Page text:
WHERE DID MY TRUE SELF GO?

The end of a year is always a good place to reflect upon where one’s life is at and where it is heading. My problem is that being a thinker is an intrinsic and essential part of who I am . I think too much, too deep, too often. Can’t be helped! When you meditate on things as often and as deeply as I do, you come to realise that when certain thoughts and ideas keep creeping up is because they need to be considered and acted upon, or else they will haunt you and be forever present as painful reminders of your lack of courage and the hope deferred of what could have potentially been a much more fulfilling, purposeful life. There is something in our consciousness, in our spirit that acts like the rudder of our life. We are the ones turning the rudder but ultimately it is most definitely not us at the helm, or at least that is my own personal experience. I am under no false illusion that I direct my steps, but at the end I would like to think that I was able to at least recognise and act wisely, intuitively on those moments in life when I encountered a junction on the road or when a seemingly accidental curve ball was thrown my way to force me into jumping one way or another, to make a choice, to push forward without fear or coercion.

Perhaps what I have been experiencing in these last few months is nothing more than a mid-life crisis; a point in one’s life when you take stock and ponder on all the what-ifs, all the alternative paths one could have taken or may yet still need to take. It is a cliché to state that in the midst of investing one’s life in raising a family and cultivating a marriage with solid roots; in living sacrificially by putting everyone else’s happiness before your own, one can easily loose their identity and simply be identified as the link that keeps different chains together, be it family, work or relationships. Cliché or not, I have most definitely found this is true in my own life.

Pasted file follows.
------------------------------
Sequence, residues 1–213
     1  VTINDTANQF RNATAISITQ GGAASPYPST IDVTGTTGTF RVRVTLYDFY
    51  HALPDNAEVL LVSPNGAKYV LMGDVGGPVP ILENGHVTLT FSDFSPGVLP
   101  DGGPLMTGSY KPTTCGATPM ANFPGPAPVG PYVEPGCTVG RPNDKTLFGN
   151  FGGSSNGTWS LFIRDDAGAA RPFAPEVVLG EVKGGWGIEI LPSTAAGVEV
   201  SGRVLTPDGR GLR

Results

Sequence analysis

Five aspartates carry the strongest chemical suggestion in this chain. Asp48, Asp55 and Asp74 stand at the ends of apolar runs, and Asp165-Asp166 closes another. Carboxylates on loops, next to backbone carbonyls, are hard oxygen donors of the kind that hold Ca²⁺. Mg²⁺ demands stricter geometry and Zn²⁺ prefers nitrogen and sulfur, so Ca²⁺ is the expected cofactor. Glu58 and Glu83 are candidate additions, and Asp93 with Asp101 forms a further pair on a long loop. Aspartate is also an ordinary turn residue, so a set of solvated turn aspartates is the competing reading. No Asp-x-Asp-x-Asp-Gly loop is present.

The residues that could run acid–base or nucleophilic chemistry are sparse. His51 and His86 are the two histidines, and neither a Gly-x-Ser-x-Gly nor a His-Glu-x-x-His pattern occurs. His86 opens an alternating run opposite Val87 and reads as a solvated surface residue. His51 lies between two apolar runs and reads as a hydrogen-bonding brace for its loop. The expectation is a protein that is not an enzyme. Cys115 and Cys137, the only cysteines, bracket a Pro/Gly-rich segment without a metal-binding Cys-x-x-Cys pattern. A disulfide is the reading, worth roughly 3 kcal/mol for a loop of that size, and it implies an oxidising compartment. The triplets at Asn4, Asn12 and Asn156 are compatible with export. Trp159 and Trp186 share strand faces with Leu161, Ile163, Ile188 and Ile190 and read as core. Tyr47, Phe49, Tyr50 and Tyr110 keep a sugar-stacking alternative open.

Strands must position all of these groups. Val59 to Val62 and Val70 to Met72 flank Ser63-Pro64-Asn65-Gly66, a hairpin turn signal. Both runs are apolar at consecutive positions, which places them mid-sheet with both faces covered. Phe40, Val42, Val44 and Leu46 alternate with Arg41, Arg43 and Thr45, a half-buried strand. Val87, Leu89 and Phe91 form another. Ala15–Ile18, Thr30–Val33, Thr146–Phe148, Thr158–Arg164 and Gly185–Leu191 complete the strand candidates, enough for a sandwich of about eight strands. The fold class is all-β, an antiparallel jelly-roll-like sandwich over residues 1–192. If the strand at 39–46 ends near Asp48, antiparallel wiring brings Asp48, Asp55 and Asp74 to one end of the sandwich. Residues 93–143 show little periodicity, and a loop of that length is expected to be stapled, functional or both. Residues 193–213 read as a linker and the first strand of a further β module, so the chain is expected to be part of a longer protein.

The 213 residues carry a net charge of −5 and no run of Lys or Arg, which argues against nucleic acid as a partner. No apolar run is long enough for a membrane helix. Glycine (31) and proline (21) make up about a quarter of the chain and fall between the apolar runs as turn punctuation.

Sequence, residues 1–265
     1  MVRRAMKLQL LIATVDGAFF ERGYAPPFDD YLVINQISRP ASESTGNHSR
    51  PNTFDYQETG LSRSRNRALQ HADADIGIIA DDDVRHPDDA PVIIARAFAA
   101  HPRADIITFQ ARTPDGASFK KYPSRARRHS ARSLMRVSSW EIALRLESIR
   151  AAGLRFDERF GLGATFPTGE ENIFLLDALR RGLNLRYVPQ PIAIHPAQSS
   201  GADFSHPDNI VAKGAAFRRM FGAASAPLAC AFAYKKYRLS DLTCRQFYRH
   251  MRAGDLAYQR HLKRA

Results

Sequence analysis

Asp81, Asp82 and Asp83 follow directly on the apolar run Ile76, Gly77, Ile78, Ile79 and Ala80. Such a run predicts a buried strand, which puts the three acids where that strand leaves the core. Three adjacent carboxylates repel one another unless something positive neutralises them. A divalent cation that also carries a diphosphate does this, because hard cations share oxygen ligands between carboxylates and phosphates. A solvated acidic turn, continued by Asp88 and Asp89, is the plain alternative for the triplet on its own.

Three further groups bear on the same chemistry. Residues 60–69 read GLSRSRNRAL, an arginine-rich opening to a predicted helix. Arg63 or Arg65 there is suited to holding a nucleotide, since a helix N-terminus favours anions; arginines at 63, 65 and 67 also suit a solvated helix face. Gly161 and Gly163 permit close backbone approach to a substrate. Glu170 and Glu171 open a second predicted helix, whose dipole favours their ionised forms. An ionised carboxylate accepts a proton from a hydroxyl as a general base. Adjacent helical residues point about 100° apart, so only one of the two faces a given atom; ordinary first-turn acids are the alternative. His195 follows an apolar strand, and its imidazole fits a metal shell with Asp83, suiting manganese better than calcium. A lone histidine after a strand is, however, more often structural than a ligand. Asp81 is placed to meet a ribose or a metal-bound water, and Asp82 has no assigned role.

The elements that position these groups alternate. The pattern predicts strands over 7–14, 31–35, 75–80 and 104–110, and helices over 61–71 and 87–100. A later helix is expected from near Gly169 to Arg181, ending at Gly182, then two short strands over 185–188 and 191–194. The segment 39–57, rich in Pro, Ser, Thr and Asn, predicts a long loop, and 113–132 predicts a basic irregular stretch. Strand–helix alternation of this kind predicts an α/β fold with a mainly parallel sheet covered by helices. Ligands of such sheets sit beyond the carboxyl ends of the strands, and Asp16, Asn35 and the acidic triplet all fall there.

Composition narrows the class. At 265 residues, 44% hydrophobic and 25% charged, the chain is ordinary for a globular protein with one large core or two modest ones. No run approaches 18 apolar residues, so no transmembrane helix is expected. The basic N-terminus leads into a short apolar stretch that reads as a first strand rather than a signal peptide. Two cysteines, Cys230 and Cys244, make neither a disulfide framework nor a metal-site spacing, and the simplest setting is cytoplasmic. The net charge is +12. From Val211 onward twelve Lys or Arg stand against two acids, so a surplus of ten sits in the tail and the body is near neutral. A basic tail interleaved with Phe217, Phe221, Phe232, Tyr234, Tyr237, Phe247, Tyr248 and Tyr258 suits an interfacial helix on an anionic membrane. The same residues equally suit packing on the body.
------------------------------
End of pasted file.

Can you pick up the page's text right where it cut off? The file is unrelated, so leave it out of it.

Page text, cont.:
The recurrent thought or voice echoing on my head as of late has been saying: “Stop hiding behind what you are good at, what is familiar, and go on the journey to discover what it is you are destined to be, what it is you are meant to excel at. Go on a journey of self-discovery. Put for once in your life yourself first and discover what it is that you were made for, what makes your heart sing. I have spent so many years putting everyone else’s needs before my own that I am beginning to feel that my voice, the essence of who I am has got lost in the midst of life’s demands; my voice has been drowned out by those whose voices matter most or so I thought.